Eating healthy is essential for overall good health, but as we age it may not always be the easiest. Researchers at the University of British Columbia attempted to uncover the best way to boost the consumption of fruits and vegetables among seniors.
By using social support as a means to boost intake of fruits and vegetables, researchers found women were more likely to respond better to emotional support.
Social support can come in different forms like emotional support (which can boost one’s sense of self), and tangible support (receive assistance to perform tasks).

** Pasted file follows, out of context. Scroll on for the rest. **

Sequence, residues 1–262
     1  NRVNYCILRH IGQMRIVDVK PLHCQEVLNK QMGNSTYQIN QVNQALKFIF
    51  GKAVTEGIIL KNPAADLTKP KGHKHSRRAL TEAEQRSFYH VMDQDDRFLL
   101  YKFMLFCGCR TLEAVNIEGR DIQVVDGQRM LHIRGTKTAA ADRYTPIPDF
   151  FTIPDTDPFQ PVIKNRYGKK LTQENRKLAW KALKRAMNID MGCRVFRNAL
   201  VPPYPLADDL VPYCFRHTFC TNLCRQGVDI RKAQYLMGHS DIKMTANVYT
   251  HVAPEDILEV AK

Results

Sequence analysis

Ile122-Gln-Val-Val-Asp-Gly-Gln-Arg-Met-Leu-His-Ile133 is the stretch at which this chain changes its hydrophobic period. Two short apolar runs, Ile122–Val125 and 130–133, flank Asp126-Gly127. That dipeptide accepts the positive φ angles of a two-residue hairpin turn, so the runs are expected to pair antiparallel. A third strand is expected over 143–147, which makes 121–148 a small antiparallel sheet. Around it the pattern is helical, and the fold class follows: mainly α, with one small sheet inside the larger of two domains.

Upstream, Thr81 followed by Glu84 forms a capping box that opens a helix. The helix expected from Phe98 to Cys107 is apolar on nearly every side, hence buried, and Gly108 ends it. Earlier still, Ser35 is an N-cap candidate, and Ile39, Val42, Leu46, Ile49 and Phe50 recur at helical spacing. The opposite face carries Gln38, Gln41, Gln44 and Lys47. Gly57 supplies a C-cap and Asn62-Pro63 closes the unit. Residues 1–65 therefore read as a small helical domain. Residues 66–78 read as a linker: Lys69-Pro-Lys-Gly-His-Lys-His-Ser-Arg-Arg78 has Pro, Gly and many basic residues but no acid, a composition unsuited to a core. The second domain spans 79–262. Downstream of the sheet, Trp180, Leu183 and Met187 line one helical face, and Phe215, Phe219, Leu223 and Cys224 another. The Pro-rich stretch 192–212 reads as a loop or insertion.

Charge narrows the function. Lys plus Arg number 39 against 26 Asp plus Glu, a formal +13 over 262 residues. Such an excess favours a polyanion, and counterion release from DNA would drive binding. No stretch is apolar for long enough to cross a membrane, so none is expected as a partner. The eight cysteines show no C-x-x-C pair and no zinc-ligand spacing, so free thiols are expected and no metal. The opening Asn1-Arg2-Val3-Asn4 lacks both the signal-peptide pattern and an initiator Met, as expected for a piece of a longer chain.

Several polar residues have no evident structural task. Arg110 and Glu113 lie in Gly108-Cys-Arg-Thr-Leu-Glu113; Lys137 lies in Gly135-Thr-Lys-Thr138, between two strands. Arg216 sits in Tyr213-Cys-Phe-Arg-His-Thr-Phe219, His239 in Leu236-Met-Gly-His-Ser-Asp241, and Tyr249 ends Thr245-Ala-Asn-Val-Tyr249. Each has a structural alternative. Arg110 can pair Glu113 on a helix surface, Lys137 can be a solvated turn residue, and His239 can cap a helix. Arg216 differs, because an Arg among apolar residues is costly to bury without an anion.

Researchers found emotional support may work best for women because it encourages them to cook for themselves and promotes the use of more fruits and vegetables.
According to the Canadian Food Guide people should eat at least five servings a day of fruits and vegetables to receive health-boosting benefits. But the study found nearly half of seniors aged 65 years and up came nowhere close to reaching this target.
Although women were responsive to the social support, men showed no significant response to any form of social support.
“This means that there’s an opportunity that we’re missing: to encourage or provide friends and family members of older adults with the tools they need,” said Emily Rugel, lead author of the study.
Researchers suggest education campaigns promoting eating well and eating recommended servings of health foods is essential to promote healthy eating.
The findings were published in Appetite.